On Monday, British Labour party leader Jeremy Corbyn managed to completely shock even Israel’s Prime Minister Benjamin Netanyahu, who is generally pretty imperturbable, at least in public, with his unbridled gesture of admiration for the terrorists who carried out the Munich massacre of Israeli Olympic athletes.
“The laying of a wreath by Jeremy Corbyn on the graves of the terrorists who perpetrated the Munich massacre and his comparison of Israel to the Nazis deserves unequivocal condemnation from everyone – left, right and everything in between,” Netanyahu wrote in an outraged post on his official Twitter social networking page.
In remarks at a 2013 event, Corby has compared Israel’s presence in Judea and Samaria to the Nazi takeover of Europe.
This in response to excuses by Corbyn for photos published by the UK Daily Mail on Saturday, showing him holding a wreath at the cemetery of “Palestinian martyrs” in Tunisia during a 2014 visit there before his election as Labour Party leader in 2015. According to the Daily Mail, one of the images shows Corbyn by a plaque honoring Salah Khalaf, who founded the Black September terror group, his key aide, Fakhri al Omari, and Hayel Abdel-Hamid, then-PLO chief of security.
Writing about that trip in October 2014 in the Morning Star, Corbyn recounted that wreaths were laid “to mark the 1985 bombing of the PLO HQ and on the graves of others killed by Mossad agents in Paris in 1991.”
Corbyn said in response to the brouhaha surrounding the wreath-laying, “A wreath was indeed laid” for “some of those who were killed in Paris” but tried to deflect responsibility for his part in the drama: “I was present at that wreath-laying, I don’t think I was actually involved in it. I was there because I wanted to see a fitting memorial to everyone who has died in every terrorist incident everywhere. Because we have to end it. You cannot pursue peace by a cycle of violence, the only way you can pursue peace [is] by a cycle of dialogue.”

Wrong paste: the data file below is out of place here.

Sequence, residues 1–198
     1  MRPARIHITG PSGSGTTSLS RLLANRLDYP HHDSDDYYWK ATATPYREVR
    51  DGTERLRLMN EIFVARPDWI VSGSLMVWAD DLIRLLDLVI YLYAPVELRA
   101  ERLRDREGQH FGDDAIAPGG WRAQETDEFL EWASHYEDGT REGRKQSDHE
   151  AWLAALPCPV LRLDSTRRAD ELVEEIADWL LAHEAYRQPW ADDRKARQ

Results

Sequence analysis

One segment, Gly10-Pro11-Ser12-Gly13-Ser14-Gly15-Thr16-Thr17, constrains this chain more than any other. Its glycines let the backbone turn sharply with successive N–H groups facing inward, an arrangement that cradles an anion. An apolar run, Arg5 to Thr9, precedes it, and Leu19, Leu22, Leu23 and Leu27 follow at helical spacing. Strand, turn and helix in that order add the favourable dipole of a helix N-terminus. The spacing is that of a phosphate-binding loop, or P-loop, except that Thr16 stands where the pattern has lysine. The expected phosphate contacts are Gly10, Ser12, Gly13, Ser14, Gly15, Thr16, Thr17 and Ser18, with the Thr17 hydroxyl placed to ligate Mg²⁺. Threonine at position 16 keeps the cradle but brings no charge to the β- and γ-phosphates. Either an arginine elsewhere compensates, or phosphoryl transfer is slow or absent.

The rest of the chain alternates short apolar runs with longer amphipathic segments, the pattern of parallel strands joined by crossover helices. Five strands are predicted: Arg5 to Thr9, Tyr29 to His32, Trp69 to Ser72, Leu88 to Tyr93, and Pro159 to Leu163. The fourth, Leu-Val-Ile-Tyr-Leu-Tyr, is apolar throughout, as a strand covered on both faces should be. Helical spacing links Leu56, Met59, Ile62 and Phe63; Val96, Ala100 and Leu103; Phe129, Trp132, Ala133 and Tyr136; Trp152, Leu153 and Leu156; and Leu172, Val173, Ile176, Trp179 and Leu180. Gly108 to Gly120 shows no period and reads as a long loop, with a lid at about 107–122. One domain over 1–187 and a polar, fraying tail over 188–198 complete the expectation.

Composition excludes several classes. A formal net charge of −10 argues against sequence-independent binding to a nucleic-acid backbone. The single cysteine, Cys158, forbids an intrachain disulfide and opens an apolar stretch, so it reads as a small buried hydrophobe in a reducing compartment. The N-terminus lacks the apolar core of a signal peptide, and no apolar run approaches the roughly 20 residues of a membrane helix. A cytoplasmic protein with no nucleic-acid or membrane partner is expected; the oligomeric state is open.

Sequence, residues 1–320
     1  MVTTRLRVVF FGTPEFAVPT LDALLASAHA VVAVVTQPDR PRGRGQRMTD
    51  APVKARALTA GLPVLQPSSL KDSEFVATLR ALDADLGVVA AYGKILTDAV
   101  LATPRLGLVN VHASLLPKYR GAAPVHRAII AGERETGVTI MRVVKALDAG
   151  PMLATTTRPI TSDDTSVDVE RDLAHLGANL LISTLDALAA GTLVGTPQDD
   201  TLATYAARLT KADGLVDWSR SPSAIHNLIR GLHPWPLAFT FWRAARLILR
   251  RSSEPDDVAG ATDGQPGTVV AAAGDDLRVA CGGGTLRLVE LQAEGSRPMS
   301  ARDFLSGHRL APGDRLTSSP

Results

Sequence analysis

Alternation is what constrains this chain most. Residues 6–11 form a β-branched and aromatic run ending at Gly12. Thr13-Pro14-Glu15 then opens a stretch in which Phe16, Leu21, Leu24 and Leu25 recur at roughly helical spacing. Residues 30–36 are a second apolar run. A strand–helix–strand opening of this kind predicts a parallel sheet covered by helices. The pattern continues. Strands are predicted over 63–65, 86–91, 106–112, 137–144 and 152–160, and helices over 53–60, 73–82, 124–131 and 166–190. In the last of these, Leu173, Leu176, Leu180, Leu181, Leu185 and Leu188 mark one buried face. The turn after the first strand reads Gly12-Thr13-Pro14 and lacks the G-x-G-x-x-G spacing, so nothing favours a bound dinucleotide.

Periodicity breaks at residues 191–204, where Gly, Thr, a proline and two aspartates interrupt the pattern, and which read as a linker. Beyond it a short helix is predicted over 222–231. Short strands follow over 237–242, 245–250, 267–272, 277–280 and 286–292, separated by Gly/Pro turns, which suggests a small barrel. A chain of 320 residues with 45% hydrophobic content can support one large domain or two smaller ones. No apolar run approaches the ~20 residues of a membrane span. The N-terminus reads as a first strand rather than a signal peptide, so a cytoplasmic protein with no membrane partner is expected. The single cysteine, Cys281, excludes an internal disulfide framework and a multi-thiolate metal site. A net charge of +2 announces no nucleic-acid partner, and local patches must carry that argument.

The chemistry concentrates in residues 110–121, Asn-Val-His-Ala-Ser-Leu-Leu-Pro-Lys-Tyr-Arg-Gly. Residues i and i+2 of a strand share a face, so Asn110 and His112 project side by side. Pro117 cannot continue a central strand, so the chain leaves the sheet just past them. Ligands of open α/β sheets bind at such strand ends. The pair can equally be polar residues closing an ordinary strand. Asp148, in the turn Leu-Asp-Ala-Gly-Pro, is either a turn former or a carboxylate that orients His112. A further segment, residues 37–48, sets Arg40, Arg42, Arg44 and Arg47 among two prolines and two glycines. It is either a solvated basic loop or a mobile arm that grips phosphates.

But Corbyn’s obvious hatred for Israel goes way back, as one can see by reading the rest of the article in the Morning Star, in which he wrote about the “the role international law can play in supporting the victims of occupation and the siege of Gaza” and the importance of the Palestinian Authority’s “joining the ICC process” in order to “seek a special UN court to try war criminals” and his emphasis on the point that “foreign nationals serving in the Israeli Defence Force could become the subject of war crimes accusations following the bombing of civilian targets.”
Somehow it seemed to have escaped the leader of the British Labour Party — both in 2014, as it did in 1986 and again in 1991, that it was the terrorist murderers themselves who perpetrated the bloody violence in the first place that resulted in all those deaths, including those among their own ranks. Corbyn seems not to understand, nor to care that terrorists by their very nature are dedicated solely to the perpetration of death — that of others and as a byproduct their own as well.
Jewish Labour MP Luciana Berger has demanded that Corbyn apologize for his presence at the graves. “Being ‘present’ is the same as being involved,” Berger said in a tweet. “When I attend a memorial, my presence alone, whether I lay a wreath or not, demonstrates my association and support. There can also never be a “fitting memorial” for terrorists. Where is the apology?”